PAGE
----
"She's all my fancy painted her, she's lovely, she is light. She waltzes on the waves by day and rests with me at night." - Nessmuk, Forest and Stream, July 21, 1880 [of the Wood Drake Canoe built for him by Rushton]

  13. #28
    Senior Member DayTrip's Avatar
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    Quote Originally Posted by Nessmuk View Post
    During a recent swift water rescue training I did over a 4 day period, students were given a kind of NRS water rescue gloves (rubbery but not fully neoprene) that went with the drysuits we were given to wear. I took my soggy gloves home each night and they dried pretty well opened up on a mitten dryer without heat. Those students who left them at the facility had them and our drysuit insides dried by the staff using a kind of blow dryer octopus looking contraption, also without heat I believe.
    I left them on coat hooks overnight and they are perfectly dry. So I should be fine. Thanks again for the tip. I think I am going to order their neoprene cap/hat to try as well. It is fairly inexpensive and based on how well the gloves work it may be a good addition. I have an OR Gore Tex cap I usually wear in rainy weather but it only has a light fleece liner so when it gets wet the cold conduction tends to make me cold. I'm actually looking forward to going for a hike in pouring rain to try all this stuff out and dial my system in.
    NH 48 4k: 48/48; NH W48k: 48/48; ME 4k: 2/14; VT 4k: 1/5; ADK 46: 6/46; Cat 3.5k 10/35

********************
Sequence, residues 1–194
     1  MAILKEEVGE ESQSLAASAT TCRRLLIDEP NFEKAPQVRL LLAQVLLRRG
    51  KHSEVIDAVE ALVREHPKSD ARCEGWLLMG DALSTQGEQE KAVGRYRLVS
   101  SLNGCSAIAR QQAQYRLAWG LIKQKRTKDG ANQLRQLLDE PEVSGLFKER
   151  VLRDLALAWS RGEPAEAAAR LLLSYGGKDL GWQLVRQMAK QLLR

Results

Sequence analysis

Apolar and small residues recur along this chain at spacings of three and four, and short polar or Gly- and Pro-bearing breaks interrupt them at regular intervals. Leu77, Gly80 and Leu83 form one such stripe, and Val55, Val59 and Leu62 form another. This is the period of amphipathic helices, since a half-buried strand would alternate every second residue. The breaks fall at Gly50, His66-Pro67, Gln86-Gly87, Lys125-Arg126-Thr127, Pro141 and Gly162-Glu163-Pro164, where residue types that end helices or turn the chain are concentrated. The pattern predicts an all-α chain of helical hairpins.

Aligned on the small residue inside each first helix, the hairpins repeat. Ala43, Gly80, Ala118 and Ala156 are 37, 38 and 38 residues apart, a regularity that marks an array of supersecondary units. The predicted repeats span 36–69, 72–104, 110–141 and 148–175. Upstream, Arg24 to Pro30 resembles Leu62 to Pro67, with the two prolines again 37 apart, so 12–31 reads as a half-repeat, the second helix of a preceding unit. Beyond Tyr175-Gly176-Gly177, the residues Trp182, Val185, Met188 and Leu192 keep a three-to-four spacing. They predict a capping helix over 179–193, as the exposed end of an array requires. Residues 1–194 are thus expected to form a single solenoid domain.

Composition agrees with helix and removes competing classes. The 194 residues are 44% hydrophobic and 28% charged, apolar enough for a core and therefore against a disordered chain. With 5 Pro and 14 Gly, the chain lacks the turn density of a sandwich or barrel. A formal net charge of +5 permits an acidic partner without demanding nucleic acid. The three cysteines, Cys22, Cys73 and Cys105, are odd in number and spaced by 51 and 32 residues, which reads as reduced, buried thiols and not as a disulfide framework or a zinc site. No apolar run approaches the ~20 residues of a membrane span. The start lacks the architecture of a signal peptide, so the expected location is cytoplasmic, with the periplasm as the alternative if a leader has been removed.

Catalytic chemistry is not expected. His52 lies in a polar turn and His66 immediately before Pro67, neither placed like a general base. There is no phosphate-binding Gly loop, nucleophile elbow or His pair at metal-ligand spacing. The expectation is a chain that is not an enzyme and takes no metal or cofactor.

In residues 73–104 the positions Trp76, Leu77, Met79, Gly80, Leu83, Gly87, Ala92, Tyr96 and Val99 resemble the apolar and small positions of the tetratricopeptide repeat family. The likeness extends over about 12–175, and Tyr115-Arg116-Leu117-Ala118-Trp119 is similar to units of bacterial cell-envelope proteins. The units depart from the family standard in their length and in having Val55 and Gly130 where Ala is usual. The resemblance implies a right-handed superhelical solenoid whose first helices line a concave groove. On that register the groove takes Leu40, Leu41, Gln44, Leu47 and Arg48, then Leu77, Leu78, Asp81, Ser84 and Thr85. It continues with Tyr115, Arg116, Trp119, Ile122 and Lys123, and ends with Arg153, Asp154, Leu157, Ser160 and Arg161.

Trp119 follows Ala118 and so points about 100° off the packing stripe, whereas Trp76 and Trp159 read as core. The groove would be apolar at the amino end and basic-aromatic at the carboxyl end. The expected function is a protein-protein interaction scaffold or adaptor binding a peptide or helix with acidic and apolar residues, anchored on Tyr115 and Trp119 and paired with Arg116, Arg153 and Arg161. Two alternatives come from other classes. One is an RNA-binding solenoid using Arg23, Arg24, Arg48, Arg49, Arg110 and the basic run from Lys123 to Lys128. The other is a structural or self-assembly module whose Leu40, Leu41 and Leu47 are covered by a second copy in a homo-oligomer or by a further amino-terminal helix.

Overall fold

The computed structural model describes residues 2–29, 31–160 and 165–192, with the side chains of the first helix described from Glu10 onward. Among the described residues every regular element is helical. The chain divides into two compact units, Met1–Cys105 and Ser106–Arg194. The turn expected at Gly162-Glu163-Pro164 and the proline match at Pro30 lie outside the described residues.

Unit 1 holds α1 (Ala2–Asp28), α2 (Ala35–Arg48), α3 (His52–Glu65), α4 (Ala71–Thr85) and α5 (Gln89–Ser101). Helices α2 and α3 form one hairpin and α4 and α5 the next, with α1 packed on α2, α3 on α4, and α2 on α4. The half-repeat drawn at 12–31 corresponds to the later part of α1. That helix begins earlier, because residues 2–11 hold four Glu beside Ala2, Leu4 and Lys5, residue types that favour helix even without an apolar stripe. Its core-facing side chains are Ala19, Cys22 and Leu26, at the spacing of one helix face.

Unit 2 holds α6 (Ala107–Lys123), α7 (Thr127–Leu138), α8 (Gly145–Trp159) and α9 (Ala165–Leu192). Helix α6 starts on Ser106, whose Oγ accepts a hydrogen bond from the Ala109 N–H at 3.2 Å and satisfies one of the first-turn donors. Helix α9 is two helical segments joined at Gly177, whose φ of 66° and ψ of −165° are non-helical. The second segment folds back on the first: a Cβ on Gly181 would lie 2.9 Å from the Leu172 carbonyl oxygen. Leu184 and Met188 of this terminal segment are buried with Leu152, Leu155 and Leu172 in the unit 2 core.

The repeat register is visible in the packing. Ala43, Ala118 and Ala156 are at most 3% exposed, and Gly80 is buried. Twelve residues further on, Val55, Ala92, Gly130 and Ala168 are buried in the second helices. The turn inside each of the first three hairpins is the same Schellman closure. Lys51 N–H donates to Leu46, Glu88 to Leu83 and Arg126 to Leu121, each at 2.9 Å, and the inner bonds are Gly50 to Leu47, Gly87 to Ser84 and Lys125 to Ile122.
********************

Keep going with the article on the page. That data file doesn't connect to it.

14. #29
    Senior Member Tom Rankin's Avatar
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    Quote Originally Posted by DayTrip View Post
    I own one. Is it OK with neoprene? I know it is a pretty mellow heat but the articles I read on neoprene went out of there way to say avoid drying it because it will degrade quickly. Didn't want to push my luck.
    The dryer I have (PEET) is almost hard to tell if it's working or not, the heat is so low.
    Tom Rankin
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  15. #30
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    Quote Originally Posted by DayTrip View Post
    I own one. Is it OK with neoprene? I know it is a pretty mellow heat but the articles I read on neoprene went out of there way to say avoid drying it because it will degrade quickly. Didn't want to push my luck.
    I cycle down to 40f or so F rain with a pair of neoprene cycling rain gloves. They come in various thicknesses, and considering there is always a 15-30mph headwind I feel they work well. That being said I am normally working pretty hard on purpose to keep warm, and am not out in such weather more than a few hours.